If you haven’t heard yet, strong to severe thunderstorms are in the forecast for Saturday. We are still a few days out from this intense weather system, so the exact details still remain a little unclear, BUT widespread thunderstorm development is looking likely Saturday morning.
Below is a look at the potent upper-level system that will be moving in from the SW late Friday night into Saturday morning. This system will have a VERY STRONG jet stream along with strong wind shear, which will be able to interact with moisture from the Gulf of Mexico. This is a recipe for intense organized thunderstorms, so we are watching Saturday’s forecast closely.
One of the key ingredients for intense storms is instability (a.k.a. CAPE). At this point, most computer models show this “fuel” for strong surface-based storms remains south of the NWA area by Saturday morning. This means the greater threat for significant severe will be south of the warm front in the “warm sector” positioned in the southern River Valley along with central and southern AR.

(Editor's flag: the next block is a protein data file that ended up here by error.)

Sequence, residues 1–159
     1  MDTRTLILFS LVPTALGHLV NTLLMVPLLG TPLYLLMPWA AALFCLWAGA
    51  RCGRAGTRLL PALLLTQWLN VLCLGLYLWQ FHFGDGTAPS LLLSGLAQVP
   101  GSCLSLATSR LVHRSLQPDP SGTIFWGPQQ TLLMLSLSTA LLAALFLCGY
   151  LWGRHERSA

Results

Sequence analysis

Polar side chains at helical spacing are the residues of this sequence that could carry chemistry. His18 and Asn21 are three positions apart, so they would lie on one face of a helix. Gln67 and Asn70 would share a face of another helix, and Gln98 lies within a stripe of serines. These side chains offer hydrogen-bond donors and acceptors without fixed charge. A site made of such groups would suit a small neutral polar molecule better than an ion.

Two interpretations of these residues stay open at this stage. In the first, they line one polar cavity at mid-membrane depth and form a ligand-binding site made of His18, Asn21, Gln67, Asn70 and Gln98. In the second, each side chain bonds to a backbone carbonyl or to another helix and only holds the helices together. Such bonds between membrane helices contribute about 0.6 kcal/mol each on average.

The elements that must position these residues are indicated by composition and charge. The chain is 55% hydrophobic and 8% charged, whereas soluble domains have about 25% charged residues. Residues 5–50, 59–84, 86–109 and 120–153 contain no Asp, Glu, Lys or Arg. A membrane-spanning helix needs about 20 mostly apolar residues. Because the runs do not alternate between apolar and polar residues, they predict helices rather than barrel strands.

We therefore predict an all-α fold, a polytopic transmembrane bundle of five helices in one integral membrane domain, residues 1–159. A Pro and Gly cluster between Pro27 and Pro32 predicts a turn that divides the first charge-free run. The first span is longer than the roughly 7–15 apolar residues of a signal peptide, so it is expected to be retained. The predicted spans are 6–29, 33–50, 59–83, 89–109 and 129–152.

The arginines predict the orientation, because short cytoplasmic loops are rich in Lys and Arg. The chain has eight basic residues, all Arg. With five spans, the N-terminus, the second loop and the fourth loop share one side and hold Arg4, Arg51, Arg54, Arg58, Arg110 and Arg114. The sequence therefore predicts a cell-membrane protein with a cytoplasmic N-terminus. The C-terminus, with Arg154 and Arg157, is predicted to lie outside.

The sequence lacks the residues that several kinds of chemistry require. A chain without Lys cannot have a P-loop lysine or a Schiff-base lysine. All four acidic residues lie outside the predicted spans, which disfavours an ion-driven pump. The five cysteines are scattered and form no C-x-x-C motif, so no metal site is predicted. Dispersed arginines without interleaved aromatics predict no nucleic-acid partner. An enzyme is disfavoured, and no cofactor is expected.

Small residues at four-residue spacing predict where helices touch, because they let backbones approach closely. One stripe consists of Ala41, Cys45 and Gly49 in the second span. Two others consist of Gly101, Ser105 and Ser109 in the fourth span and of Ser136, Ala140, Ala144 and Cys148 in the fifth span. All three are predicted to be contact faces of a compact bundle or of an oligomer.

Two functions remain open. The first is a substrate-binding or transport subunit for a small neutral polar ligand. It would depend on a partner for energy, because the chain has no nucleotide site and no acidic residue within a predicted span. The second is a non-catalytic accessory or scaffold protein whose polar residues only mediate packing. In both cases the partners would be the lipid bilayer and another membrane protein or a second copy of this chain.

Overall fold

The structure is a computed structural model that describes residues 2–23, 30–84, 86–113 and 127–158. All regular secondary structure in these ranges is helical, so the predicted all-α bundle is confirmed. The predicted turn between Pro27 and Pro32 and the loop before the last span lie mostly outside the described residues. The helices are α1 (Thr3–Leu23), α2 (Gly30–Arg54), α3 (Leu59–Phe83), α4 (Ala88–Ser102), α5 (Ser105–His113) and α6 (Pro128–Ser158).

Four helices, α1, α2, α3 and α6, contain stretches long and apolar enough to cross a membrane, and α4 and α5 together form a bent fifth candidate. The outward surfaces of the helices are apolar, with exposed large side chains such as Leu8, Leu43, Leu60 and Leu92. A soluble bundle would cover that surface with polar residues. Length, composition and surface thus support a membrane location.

The speed of this system could change, but for now it appears the greatest potential for storms will be Saturday morning from 8 AM until 1 PM at the latest. IF the upper-level system slows down just 6 hours, it would mean the instability would be able to travel farther north into NWA and therefore change the timing of the storms. So needless to stay… STAY TUNED.
Once the storm system blows through… the non-thunderstorm winds will be intense to say the least. Our area will remain south of this low pressure system that looks to undergo bombogenesis (yes that is a real weather term). When a low pressure system “bombs out,” it means a pressure drop of at least 24 millibars in 24 hours. This drop in pressure will CRANK up the wind machine out of the WSW with gusts possibly up to 40+ mph in the NWA area.
So to sum it up, the timing & location can change as we get closer to the weekend. Now is the time to get Weather Ready and be aware of storm potential Saturday morning. Keep it here with your Weather Authority for the latest updates on the timing. –Chief Meteorologist Dan Skoff